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By Jeremy Nathan Marks

PROMPT—I am grateful for ...

When I was about to turn thirteen I was bullied by a classmate. Since we were the two tallest kids in our seventh-grade class, he decided that he needed to be the one in charge. One morning, in home economics, he came over to me at my desk and stuck a sewing needle into my cheek. He did this repeatedly while several of his friends egged him on.

I sat motionless, not certain what to do. My instinct was to do nothing, to remain stoic. And that is what I did. I did not say anything to the teacher when she arrived and I elected not to show any emotion at all that day in school. I do not know if this was based on a self-preservation instinct or if it was a product of my upbringing.

Growing up, I had a neighbor who taunted me mercilessly for years. We were the same age and she was the kind of person who was inspired by any response to her actions. She also had parents who could not seem to find flaws in her conduct. When her behavior was brought to their attention, they would respond by saying that I must have done something to provoke her. Because the situation seemed hopeless and because she was a girl and I was a boy and I was taller and much larger than she, I was told to “turn the other cheek.”

I admit, I grew accustomed to being harassed. I think that in many ways I did develop a thick skin and that I did adopt a certain stoicism. But I am not writing to express my gratitude for that. I am thankful for something else.

The student who was bullying me was African American and I am white. I grew up in a diverse suburban community but, in spite of that diversity, racism was rampant. Stories of carjackings and drug-related killings filled the nightly news and morning editions of the Washington Post. Often Washington D.C. was described as the “murder capital of the world” and that this was because it was a “black city.” The mayor of Washington, Marion Barry was the butt of late-night talk shows because he had been filmed smoking crack cocaine in a motel room with a woman not his wife. I had family members from the midwest who were afraid to visit because they thought that my family lived in a war zone. Of course, this was not true—it was utterly absurd—but there was a climate of fear at the time, and pretty soon that fear found its way into national legislation, specifically the 1994 Crime Bill.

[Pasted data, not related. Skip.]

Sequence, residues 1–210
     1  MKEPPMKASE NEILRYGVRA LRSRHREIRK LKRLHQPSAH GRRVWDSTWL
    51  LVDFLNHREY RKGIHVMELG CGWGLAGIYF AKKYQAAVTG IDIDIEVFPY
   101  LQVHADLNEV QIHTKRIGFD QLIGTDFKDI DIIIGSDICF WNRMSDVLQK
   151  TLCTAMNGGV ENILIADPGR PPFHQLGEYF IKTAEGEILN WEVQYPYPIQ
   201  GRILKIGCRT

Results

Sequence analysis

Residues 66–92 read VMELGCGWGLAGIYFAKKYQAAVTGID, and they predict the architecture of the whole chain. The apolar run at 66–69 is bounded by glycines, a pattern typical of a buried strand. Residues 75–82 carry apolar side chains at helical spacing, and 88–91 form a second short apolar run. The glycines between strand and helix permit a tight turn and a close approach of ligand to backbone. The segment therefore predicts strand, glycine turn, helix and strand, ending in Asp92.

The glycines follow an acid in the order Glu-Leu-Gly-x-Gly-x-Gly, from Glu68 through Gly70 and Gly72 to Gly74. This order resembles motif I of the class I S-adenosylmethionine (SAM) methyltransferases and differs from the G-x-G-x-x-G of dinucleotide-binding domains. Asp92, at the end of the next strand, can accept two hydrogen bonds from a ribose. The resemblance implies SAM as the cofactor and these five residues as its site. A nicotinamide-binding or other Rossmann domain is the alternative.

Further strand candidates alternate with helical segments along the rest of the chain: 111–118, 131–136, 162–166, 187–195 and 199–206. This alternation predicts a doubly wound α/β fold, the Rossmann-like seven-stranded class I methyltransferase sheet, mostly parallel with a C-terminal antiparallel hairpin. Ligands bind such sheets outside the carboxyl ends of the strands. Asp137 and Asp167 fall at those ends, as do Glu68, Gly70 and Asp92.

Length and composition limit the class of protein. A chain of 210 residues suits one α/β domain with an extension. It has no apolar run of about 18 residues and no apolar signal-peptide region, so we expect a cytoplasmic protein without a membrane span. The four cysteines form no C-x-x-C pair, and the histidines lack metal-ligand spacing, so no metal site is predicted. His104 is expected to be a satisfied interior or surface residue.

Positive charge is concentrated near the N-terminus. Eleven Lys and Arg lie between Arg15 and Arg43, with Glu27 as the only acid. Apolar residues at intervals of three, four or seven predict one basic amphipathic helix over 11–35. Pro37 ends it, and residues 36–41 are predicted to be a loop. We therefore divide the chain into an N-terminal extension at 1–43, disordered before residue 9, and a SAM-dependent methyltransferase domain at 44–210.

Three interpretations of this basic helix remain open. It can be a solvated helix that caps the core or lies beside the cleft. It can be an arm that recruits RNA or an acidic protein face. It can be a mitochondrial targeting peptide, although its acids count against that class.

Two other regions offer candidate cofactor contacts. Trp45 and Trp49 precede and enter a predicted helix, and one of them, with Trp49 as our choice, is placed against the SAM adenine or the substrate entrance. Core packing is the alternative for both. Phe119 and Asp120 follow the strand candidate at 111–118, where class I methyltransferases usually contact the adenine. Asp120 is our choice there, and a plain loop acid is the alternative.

The 1990s was the decade when stupid and bigoted ideas like the “Super Predator” theory argued that there were criminals among us who were genetically predisposed to be killers. You can imagine who those super predators were and what they looked like. This was the era of “three strikes and you’re out” in law enforcement where three felonies could land you in prison for life. It wasn’t long after I finished school that police were posted to the schools and kids could be arrested for truancy.

Fortunately, none of this was in place when I chose to tell my parents what had happened to me. They contacted the school administration and the student who had hurt me was not arrested. He was not sent to juvenile detention. The entire affair was kept between the vice principal, my parents, and his parents. He received a single day of suspension and then returned to school. And for the record, he never bothered me again. He was allowed to make a mistake and not have his life destroyed as a result.

Looking back, I am deeply thankful for how this situation was handled. And I want to be very clear what it is I am thankful for. I am thankful because two lives were not ruined by a simple, stupid incident that did not need to involve the police. It was simply an incident between two boys. There was no need for it to be blown out of proportion or to be racialized. We were treated like human beings and that is how things should be. And the situation was handled firmly, the violence of his act was not ignored or dismissed. But it also wasn’t turned into evidence that he was somehow a criminal-in-training.

Imagine that the school had involved the police. Would my classmate have been arrested? Would his life have been ruined because he made a foolish, boyish mistake? Would he have seen his future wrecked because of an impulsive act? That would have been tragic. And had that happened, it would have been absolutely, completely wrong.

And what might have happened to me if he had been arrested? Would I have been labeled a snitch? Would I have been targeted by his friends and by others as well? Would I have been at risk because I simply wanted to protect myself? Fortunately, good parents on both sides and a professional school administrator prevented all of that and things worked out. In fact, things worked out so well that I came to like the kid who hurt me. I genuinely grew to like him and I still think of him nearly thirty years later.

I am thankful that my middle school vice principal handled matters the way he did. I am thankful that he cared enough about both of his students, one black and one white, and that he made sure we were both treated fairly, humanely, and with respect. He protected us and for that, I am filled with gratitude.


Jeremy Nathan Marks lives in London, Ontario. Recent writing can be found in places like Anti-Heroin Chic, So It Goes, Dissident Voice, New Verse News, The Last Leaves, Bewildering Stories, and Chiron Review.


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